10. An anti-art artist attacks a painting by Mark Rothko (2012)

Seagram's Murals Mark Rothko, initially made for the Four Seasons restaurant in New York and now housed at Tate Britain in London, are among his most beloved paintings. And so it caused quite an alarm when, in 2012, artist Wlodzimierz Umaniec tagged one of the murals on display at the Tate Modern with an ink message alluding to Yellowism, a self-proclaimed anti-art movement with which he was aligned. Umaniec claimed at the time that the gesture was artistic, but once he was sentenced to two years in prison, he changed his tune and apologized. Tate specialists were initially concerned that some of their messages had permanently stained Rothko's screen, but were able to restore it and bring it back into view some two years later. Seen now, it's hard to find any evidence of Umaniec's meddling.

Rothko | Magazine | P55.ART 

11. Anish Kapoor's sculpture at Versailles is spray-painted (2015)

When Anish Kapoor showed the large steel sculpture Dirty Corner (2011–15) at the Palace of Versailles in France, it was attacked by critics, who compared it to a giant vagina. But Kapoor claimed it had no sexual connotations. The piece has also been attacked, in a more literal sense, by vandals, who have taken over the work several times. In at least one case, it was tagged with anti-Semitic messages. Kapoor, whose mother is Jewish, said she wanted to leave the spray-painted words intact, but a French court forced Versailles to partially cover up the work to hide the graffiti. In response, Kapoor said that "the racists in France won", and later even claimed that the vandalism was an inside job.

Anish Kapoor | Magazine | P55.ART 

12.A gigantic work by Richard Serra in Qatar is repeatedly vandalized (2018-2020)

Richard Serra's East-West/West-East (2014), a set of four monolith-like steel plates set in the middle of the Qatari desert, has become a destination for lovers of minimalism – and vandals alike, who repeatedly marked the work over the years. The Qatari government has not released many details about the nature of these spray-painted phrases, but a report by theCNN from 2018 featured photos that showed what appeared to be messages of nationalist pride from Qatar, which seemed politically charged in light of the sanctions imposed on the country in 2017. In late 2020, Qatar announced that the works had been vandalized once again and that planned to prosecute those responsible. As of early 2021, six people have been arrested in connection with the vandalism.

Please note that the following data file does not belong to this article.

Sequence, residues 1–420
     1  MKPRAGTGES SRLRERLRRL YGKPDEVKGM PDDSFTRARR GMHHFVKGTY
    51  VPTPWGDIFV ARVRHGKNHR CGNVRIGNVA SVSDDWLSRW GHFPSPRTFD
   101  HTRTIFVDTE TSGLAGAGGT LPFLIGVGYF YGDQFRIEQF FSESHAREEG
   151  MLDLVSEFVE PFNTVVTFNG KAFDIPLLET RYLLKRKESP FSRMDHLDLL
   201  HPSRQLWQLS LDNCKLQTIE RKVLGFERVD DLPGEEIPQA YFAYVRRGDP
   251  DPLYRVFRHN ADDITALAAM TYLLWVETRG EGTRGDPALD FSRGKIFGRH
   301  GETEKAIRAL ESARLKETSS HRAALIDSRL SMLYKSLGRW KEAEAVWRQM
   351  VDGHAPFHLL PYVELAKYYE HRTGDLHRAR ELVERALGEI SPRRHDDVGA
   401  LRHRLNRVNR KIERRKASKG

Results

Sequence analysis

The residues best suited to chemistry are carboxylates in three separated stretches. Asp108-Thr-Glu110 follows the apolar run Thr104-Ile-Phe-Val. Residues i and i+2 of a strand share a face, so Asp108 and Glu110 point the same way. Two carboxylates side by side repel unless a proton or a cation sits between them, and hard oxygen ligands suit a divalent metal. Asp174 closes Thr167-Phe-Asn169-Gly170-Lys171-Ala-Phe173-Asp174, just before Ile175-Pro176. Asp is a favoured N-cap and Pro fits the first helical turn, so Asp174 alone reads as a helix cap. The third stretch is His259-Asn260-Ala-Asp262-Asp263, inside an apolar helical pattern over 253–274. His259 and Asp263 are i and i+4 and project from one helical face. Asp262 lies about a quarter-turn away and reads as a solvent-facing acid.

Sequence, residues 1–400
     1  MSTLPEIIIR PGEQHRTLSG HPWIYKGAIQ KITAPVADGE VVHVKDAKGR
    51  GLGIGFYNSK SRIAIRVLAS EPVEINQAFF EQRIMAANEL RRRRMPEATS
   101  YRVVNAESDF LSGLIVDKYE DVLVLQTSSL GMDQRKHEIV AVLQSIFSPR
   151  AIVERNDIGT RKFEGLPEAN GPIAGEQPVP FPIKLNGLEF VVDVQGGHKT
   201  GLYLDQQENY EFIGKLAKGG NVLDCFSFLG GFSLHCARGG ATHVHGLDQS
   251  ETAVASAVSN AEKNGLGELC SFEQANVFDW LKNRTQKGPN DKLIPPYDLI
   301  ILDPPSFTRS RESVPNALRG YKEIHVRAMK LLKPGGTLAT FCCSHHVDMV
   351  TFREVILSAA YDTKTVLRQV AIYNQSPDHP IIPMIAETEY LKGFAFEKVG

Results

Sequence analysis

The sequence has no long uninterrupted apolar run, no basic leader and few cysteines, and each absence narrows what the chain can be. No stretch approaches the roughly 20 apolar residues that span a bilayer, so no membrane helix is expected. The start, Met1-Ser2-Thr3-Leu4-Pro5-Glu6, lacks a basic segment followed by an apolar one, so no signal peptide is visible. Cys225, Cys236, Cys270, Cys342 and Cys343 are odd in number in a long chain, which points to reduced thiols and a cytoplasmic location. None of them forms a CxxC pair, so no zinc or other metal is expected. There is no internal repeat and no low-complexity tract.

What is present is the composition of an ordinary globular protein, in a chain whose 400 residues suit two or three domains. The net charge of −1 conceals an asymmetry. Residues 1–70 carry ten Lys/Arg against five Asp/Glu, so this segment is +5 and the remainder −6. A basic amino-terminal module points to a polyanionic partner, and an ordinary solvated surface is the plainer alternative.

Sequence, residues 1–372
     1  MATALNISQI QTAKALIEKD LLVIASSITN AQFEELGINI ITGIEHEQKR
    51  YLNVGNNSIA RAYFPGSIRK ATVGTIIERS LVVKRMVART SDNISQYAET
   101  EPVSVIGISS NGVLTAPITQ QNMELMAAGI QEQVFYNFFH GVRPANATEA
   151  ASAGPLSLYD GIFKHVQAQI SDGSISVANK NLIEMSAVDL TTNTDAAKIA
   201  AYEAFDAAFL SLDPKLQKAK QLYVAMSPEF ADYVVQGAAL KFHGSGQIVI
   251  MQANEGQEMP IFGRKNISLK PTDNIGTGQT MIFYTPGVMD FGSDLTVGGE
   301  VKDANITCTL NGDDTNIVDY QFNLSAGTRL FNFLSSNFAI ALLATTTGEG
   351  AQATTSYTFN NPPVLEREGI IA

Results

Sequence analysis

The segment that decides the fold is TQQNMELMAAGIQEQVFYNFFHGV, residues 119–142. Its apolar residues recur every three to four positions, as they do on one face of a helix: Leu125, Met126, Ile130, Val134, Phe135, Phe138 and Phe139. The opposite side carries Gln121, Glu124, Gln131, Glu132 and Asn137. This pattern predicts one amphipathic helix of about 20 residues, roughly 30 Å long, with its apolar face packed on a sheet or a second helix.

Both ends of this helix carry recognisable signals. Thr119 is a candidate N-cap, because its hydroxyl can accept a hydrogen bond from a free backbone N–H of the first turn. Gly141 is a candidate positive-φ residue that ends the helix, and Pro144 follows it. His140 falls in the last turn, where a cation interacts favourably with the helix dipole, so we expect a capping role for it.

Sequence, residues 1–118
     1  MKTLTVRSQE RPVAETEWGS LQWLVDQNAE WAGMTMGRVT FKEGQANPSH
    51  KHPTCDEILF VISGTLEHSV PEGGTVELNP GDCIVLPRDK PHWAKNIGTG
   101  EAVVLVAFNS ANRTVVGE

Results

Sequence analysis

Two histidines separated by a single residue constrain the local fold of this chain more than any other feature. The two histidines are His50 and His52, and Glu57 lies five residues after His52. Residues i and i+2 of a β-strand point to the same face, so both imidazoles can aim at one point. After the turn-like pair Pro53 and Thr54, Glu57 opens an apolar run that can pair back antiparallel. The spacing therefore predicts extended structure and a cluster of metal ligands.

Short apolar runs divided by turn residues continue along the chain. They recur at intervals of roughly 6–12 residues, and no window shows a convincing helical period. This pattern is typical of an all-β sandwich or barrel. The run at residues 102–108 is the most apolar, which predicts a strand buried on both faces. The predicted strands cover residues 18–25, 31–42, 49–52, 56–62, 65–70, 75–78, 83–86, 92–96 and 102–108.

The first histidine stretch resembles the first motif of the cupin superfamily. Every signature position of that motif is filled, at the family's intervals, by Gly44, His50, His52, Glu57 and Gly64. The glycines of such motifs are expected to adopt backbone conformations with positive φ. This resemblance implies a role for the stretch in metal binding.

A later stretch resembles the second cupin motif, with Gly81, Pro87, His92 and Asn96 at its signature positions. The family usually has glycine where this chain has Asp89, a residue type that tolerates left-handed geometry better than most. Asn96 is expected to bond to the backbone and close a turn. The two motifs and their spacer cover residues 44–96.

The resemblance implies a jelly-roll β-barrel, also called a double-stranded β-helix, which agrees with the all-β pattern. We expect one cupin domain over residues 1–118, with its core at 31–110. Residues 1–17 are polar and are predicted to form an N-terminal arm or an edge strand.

Saw | Magazine | P55.ART 

13. A Banksy artwork is destroyed at auction (2018)

The elusive street art artist Banksy has long been known for showing unexpected artwork in unexpected places, but his most provocative gesture came when he vandalized his own artwork. This piece, the 2006 painting Girl with Balloon, was auctioned in 2018 at Sotheby's in London, where it sold for £1.1 million ($1.4 million). Seconds after the hammer struck, the painting began to slide across the frame and partially shattered. It remains unclear whether the auction house was informed of the situation in advance. This work now exists in its partially destroyed state as an entirely different work, which Banksy titled Love Is in the Bin.

Banksy | Magazine | P55.ART 

14. Just Stop Oil Throw Tomato Soup On Vincent's Sunflowers Van Gogh (2022)

In 2022, climate activists launched a series of protests in which they glued themselves to the frames of iconic works of art in Germany, Italy and the UK, all in an attempt to spur governments to act more quickly to avert the threat of ecological disaster. These protesters took things to a new level when, at the National Gallery in London during Frieze Week, two Just Stop Oil activists threw tomato soup at Vincent's sunflowers. Van Gogh(1888). As the painting was under glass, it was not damaged. Indeed, the activists stated that they specifically planned a protest that would not harm the work itself. But many worked under the presumption that the Van Gogh it was subject to potential destruction, and a mass protest led predominantly by conservative pundits ensued. Other similar protests followed, including a protest involving mashed potatoes over a Monet in Potsdam, Germany, and another where oil was spilled on a Klimt in Vienna.

Van Gogh 🇧🇷 Magazine | P55.ART